Charges filed vs 4 over Robredo crashBy Jerome Aning
Philippine Daily Inquirer
The Civil Aviation Authority of the Philippines (CAAP) on Thursday filed criminal and administrative charges against two of its employees and two others from a private aviation company in connection with allegedly fraudulent inspections conducted on the plane that crashed killing Interior Secretary Jesse Robredo.
CAAP lawyer and corporate executive officer Abdiel Dan Fajardo filed in the Office of the Ombudsman cases of falsification of public documents, gross misconduct and violation of Republic Act No. 9497, or the Civil Aviation Authority Act of 2008, against CAAP employee Fernando Abalos and private respondents Nelson Napata and Federico Omolon of Aviatour’s Flyin’ Inc.
Abalos, a CAAP airworthiness inspector, was found to have issued the certificate of airworthiness for the Piper Seneca that crashed and sank off Masbate on Aug. 18, 2012, killing Robredo and two others.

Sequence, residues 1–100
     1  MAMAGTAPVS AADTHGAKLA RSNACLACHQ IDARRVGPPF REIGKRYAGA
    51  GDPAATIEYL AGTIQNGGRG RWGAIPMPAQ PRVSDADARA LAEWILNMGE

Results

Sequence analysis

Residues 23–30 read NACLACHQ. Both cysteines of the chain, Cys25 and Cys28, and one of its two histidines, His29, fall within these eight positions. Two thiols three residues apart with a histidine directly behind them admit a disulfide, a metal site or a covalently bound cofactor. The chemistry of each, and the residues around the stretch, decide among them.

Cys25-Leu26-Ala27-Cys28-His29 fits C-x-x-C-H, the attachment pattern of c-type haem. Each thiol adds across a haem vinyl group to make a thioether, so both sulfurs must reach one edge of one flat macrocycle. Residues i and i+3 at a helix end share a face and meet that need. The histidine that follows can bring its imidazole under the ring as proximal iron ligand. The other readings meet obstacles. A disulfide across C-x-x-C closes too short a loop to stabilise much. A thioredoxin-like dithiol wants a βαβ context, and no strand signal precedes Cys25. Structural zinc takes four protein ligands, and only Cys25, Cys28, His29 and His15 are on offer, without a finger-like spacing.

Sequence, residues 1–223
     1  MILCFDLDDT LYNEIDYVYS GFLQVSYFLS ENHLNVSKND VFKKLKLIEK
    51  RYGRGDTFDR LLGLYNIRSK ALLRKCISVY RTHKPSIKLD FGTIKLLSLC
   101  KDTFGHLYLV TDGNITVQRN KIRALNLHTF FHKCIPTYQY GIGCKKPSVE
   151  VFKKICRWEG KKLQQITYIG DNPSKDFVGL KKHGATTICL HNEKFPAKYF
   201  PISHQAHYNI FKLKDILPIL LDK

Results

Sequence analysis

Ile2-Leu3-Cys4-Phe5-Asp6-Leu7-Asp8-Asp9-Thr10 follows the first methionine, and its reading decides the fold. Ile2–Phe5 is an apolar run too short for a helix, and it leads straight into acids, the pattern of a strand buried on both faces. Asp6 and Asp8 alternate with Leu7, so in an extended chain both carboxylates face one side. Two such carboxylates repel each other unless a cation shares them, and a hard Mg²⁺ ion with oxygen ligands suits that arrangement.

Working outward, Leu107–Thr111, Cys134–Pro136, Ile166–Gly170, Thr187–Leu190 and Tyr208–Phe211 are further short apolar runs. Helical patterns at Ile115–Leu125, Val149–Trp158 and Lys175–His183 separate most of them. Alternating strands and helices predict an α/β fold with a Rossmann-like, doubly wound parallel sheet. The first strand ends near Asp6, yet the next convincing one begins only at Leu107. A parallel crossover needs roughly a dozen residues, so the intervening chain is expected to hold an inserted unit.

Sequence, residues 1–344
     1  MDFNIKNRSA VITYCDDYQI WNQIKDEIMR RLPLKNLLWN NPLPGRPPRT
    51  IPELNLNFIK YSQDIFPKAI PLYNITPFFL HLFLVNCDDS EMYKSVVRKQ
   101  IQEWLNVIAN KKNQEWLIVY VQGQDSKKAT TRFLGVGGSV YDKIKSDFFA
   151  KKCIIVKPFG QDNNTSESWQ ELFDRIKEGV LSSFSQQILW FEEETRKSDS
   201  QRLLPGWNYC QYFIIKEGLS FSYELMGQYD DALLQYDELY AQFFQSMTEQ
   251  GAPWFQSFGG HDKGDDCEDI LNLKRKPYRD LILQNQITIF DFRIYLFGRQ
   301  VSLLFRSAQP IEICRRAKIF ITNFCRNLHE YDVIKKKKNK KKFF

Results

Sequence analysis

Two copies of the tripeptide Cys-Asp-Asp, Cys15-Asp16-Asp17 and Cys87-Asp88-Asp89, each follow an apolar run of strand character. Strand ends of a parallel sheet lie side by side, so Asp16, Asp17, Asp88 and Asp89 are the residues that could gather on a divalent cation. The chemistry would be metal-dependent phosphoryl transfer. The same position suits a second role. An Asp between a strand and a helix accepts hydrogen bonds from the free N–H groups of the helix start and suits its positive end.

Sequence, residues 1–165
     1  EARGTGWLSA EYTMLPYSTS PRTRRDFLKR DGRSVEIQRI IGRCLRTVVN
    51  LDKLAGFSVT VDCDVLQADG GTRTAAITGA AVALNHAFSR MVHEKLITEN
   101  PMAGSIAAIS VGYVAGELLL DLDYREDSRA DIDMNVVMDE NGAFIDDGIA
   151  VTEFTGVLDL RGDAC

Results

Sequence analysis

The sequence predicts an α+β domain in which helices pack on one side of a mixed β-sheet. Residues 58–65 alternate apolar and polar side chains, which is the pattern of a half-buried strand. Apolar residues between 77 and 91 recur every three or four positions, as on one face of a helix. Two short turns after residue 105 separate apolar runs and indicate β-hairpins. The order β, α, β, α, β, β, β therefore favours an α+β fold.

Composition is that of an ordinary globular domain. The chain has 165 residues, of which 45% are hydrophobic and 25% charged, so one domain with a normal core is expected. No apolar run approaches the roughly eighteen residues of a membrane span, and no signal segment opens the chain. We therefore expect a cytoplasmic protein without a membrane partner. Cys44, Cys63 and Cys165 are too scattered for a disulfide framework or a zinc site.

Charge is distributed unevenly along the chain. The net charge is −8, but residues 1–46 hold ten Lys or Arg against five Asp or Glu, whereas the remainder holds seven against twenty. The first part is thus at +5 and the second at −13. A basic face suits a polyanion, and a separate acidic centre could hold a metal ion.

The plane, owned and operated by Aviatour, was piloted by Capt. Jessup Bahinting with Kshitiz Chand as copilot. A fourth passenger, Robredo’s aide Senior Insp. June Abrazado, was the only survivor.
In a statement, CAAP said its investigation showed the plane’s certificate of airworthiness was issued on the basis of “fraudulent” certifications allegedly signed by Abalos as procured by the private respondents.
The CAAP accused Abalos of falsely certifying that a test flight was conducted on Jan. 7, 2012, in Mactan, Cebu, to check the airworthiness of the aircraft, when in actuality there was never such a flight.
The Mactan Flight Service Station (MFSS) certified that no flight plan was filed for the plane while the Mactan-Cebu International Airport Authority (MCIAA) certified that no landing or takeoff fees were billed to or paid for by Aviatour on that day.
A separate complaint was lodged by CAAP against check pilot examiner Nomer Christopher Lazaro for falsification of public documents, perjury and violation of RA 9497, as well as an administrative complaint for gross misconduct, serious dishonesty and conduct prejudicial to the service.